Ohio Personal Income Tax Laws
Created by FindLaw's team of legal writers and editors | Last reviewed June 20, 2016
This article has been written and reviewed for legal accuracy, clarity, and style by FindLaw’s team of legal writers and attorneys and in accordance with our editorial standards.
The last updated date refers to the last time this article was reviewed by FindLaw or one of our contributing authors. We make every effort to keep our articles updated. For information regarding a specific legal issue affecting you, please contact an attorney in your area.
Most states, including Ohio, levy a personal income tax on residents in addition to federal income taxes. Personal income taxes are used by states to pay for K-12 public education, state prisons, parks, roads, community health services, and other public goods and services.
Ohio requires state residents to file their taxes by April 15 of every year, the same as the federal tax deadline. Even if you don't earn enough income to be on the hook for income taxes, you still must file your taxes with the Ohio Department of Taxation. Ohio-sourced income includes wages earned within the state, as well as Ohio lottery and casino winnings; income from Ohio property, income from an Ohio sole-proprietorship, or income from a "pass-though" entity in Ohio.
While the federal government allows same-sex spouses to file jointly, Ohio law currently does not recognize same-sex marriage. Therefore, same-sex couples legally married in other jurisdiction and eligible to file jointly in their federal forms must file separately in Ohio.
Ohio also provides an online service for filing taxes free of charge. The state provides a tutorial to help you file your taxes online.
The basics of Ohio personal income tax law are summarized in the following table. See FindLaw's extensive Tax Law section for more information.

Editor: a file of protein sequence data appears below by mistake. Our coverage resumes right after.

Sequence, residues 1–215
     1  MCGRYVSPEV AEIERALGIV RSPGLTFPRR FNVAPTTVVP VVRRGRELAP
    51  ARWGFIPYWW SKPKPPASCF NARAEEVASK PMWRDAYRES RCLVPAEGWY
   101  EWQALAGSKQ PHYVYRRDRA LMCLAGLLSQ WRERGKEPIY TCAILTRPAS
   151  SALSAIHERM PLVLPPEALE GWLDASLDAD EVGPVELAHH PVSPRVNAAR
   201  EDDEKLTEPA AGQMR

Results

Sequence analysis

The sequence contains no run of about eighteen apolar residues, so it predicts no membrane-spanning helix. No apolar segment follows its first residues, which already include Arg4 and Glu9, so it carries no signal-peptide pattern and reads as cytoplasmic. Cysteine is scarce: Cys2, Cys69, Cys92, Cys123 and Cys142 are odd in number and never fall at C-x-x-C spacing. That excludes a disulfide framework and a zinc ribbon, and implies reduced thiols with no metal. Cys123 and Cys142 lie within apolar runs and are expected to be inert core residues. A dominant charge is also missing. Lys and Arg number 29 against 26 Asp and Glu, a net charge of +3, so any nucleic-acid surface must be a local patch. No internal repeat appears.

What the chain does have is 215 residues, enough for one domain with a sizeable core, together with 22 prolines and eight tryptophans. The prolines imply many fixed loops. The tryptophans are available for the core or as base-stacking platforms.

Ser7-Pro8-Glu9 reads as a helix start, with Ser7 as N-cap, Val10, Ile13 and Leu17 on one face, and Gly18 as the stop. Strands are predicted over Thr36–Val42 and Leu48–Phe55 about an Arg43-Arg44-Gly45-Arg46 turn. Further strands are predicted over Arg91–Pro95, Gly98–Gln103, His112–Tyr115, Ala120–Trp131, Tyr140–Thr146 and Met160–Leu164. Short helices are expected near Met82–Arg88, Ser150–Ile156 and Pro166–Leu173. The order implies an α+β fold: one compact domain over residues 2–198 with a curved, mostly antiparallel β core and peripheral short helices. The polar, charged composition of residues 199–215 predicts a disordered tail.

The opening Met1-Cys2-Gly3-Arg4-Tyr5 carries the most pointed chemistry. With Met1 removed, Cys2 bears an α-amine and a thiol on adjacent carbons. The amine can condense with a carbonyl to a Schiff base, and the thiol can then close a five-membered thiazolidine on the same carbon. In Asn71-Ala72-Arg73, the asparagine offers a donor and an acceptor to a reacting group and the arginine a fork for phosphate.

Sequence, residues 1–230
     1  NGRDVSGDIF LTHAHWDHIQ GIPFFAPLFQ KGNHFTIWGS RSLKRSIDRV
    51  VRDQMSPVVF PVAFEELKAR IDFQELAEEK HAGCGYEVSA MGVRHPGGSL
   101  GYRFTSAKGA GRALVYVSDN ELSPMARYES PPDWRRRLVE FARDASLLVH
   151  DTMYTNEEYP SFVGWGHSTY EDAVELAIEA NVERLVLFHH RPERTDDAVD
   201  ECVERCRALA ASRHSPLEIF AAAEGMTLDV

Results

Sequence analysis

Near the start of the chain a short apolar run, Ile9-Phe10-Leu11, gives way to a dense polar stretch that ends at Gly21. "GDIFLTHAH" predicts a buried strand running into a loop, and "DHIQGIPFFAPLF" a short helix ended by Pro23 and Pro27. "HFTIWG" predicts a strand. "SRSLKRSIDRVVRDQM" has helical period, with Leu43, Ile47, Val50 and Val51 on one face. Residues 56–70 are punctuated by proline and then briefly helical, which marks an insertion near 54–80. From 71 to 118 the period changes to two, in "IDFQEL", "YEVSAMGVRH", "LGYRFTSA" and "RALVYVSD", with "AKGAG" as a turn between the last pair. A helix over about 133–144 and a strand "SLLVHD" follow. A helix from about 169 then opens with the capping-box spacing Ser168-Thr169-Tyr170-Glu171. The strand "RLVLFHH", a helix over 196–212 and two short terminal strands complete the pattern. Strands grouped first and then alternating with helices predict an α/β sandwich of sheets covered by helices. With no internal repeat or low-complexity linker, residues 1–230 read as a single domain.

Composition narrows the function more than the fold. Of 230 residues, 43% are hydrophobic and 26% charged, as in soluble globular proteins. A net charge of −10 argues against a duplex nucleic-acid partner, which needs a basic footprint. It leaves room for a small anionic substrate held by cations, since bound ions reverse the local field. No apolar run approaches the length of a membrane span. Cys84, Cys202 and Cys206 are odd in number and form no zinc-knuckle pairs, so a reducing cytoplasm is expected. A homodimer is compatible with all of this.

|Code Section||5747.01, et seq.|
|Who is Required to File||Every individual and estate residing in or earning or receiving income in Ohio; Partnerships are not taxable; Local taxes may be required|
|Rate||First $5,200: 0.537%; $5,200 - $10,400: $27.92 + 1.074%; $10,400 - $15,650: $83.77 + 2.148%; $15,650 - $20,900: $196.54 + 2.686%; 20,900 - $41,700: $337.56 + 3.222%; $41,700 - $83,350: $1,007.74 + 3.760%; $83,350 - $104,250: $2,573.78 + 4.296%; $104,250 - $208,500: $3,471.64 + 4.988%; more than $208,500: $8,671.63 + 5.421%
|Federal Income Tax Deductible||No|
|Federal Income Used as Basis||Yes|
Note: State laws are constantly changing -- it's a good idea to contact an Ohio tax attorney or conduct your own legal research to verify the state law(s) you are researching.
Research the Law
- Ohio Law
- Official State Codes - Links to the official online statutes (laws) in all 50 states and DC.
Ohio Personal Income Tax Laws: Related Resources
You Don’t Have To Solve This on Your Own – Get a Lawyer’s Help
Meeting with a lawyer can help you understand your options and how to best protect your rights. Visit our attorney directory to find a lawyer near you who can help.
Next Steps: Search for a Local Attorney
Contact a qualified attorney.